•    A national consensus is required in India. No political party in India would oppose a settlement which would involve a rectification in Western and Eastern Sector. National interest should not be defined in emotional terms but how it will actually affect us.


•    Fifty years have lapsed after the 1962 war, it is time for us to do a thorough assessment and proceed further. A nation cannot live in a time warp. What are the lessons we learned? According to Chinese strategic thinker Sun Tzu, "war is a life and death issue", hence the people must be aware about the seriousness of war. After such an incident, one must be able to learn appropriate lessons. The question is whether we have learnt any lessons?

•    China being our immediate neighbour and most important trade partner, we need to engage with them. But, it is necessary to develop an understanding about China based on our nation's interests. The 1962 border dispute cannot remain as a permanent mindblock.

•    Over the past fifty years, drastic changes have taken place. At the strategic level both China and India are declared nuclear weapon states. It is necessary to learn correct lessons from this tragic event. First, we need to understand and improve our higher defence management processes. Even after fifty years of this tragic debacle in the Himalayas, we have not streamlined the decision-making process in relation to our higher defence management. In order to strengthen this, we need to drastically improve the cohesion between the political leadership, senior level intelligence officials, bureaucratic and military leadership. Currently, these is a disconnect between our defence ministry and the services; this needs to be addressed urgently.

•    From the Military perspective, the 1962 war has largely stymied our efforts for indigenous development and production of weapons and equipment. This issue needs to be properly analysed; no nation can survive on imported weaponry for a long time.

•    Diplomacy must play a crucial role in any national crisis. If one analyses the debacle it will be clear that the Chinese side well understood this aspect and managed their diplomatic efforts during the war to their best advantage. India's performance, on the contrary, was rather pathetic, despite having a number of excellent diplomats. In any crisis point, it is the diplomats who have to handle the escalation mechanism initially.

•    In order to understand a crisis situation and the escalation process therein, the nation requires a sound intelligence gathering and analysis mechanism. This can come only through a long and deeper understanding of one's neighbourhood. This aspect still needs a lot of efforts.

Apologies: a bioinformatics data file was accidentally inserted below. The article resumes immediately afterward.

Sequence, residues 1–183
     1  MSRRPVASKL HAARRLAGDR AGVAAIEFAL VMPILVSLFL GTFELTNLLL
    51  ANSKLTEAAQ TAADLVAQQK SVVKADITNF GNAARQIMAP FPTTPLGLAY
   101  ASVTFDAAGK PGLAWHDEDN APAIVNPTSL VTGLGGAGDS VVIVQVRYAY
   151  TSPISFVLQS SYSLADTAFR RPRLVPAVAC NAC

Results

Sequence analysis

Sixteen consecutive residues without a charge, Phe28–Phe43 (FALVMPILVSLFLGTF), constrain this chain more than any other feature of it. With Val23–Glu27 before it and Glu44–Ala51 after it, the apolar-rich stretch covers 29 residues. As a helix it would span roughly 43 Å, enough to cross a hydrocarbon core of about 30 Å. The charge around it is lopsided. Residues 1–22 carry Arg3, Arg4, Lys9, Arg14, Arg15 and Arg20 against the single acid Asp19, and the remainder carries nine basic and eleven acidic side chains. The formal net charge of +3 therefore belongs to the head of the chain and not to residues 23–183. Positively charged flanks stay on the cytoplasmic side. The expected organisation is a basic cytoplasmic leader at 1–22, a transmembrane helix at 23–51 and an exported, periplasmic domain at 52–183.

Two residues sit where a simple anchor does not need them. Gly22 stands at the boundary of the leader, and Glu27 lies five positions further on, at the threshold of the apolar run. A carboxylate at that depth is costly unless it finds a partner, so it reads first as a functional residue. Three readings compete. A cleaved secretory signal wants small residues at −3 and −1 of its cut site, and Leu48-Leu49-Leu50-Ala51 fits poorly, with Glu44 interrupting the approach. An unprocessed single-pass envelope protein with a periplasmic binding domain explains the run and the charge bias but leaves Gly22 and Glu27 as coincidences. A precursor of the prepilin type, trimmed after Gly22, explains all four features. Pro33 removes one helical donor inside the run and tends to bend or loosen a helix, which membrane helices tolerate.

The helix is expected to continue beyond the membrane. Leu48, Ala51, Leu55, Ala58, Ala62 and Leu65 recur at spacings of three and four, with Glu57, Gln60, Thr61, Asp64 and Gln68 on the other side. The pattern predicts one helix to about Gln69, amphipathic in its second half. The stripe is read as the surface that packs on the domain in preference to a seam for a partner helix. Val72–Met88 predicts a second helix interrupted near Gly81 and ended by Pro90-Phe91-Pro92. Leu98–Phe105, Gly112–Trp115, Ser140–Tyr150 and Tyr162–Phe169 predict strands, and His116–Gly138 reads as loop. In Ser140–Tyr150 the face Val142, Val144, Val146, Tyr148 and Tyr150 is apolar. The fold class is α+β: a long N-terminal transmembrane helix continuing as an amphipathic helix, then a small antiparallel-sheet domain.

•    Managing public opinion and perceptions are crucial in any crisis situation. A detailed understanding of the nature of our border problem and possible solutions to this vexing issue need to be developed on the basis of national consensus and adequate sensitizing of public opinion in this regard.


•    Indian documents related to the 1962 conflict are inaccessible which is a tragedy. However, information comes out from diverse sources including P. K. Banerjee's book.

•    Clearly, sometime around September 1959 and December 1959, there was a sea change in the thinking of the Indian side. A. G. Noorani's article' in Frontline quotes extensively from Nehru's statement in Parliament which shows a very open mind as far as the issue of Aksai Chin is concerned. Nehru's statements in the Parliament (on 4 September, 10 September and 9 December 1959) indicate a degree of ambivalence as also openness. It is clear that the Aksai Chin area and McMahon Line area belong to two different categories. However, just after this, the thinking in India changed radically which was evident during Zhou Enlai and Marshall Chen Yi's visit to India in 1960. It connects with the forward policy and the hardened Indian position. From the Chinese side, the critical decision to hit India was taken around the middle of 1962.

•    Henry Kissinger's book On China reveals that the Chinese Ambassador was sent urgently to Warsaw, in order to seek some sort of quasi assurance from the US that it would not undertake any action across the Taiwan Straits. Kissinger further comments that nobody asked why the Chinese were so keen on knowing the American intentions regarding Taiwan. Clearly, the Chinese had decided to hit at India. We need to study this.

•    The negotiating position of India and pressure exerted on the government by domestic opinion and parliament and particularly by leaders like A. B. Vajpayee, also need to be understood in its context. There was pressure on the government by the Opposition. An important lesson here is that the government of the day should work with the Opposition on key issues.

•    There is need to understand the manner in which the Secretaries of the Ministry of External Affairs conducted their daily meetings with Prime Minister Nehru. Each had a one-to-one conversation and sought Nehru's instructions in the matter.

•    In negotiation theory, the position that India took regarding China is a classic example of "positional bargaining". India was only talking with China, not negotiating with China.

•    There is a need to look at the issue in a wider framework. Tibet is very much integral to the entire India-China boundary issue. Tibet is actually the centerpiece.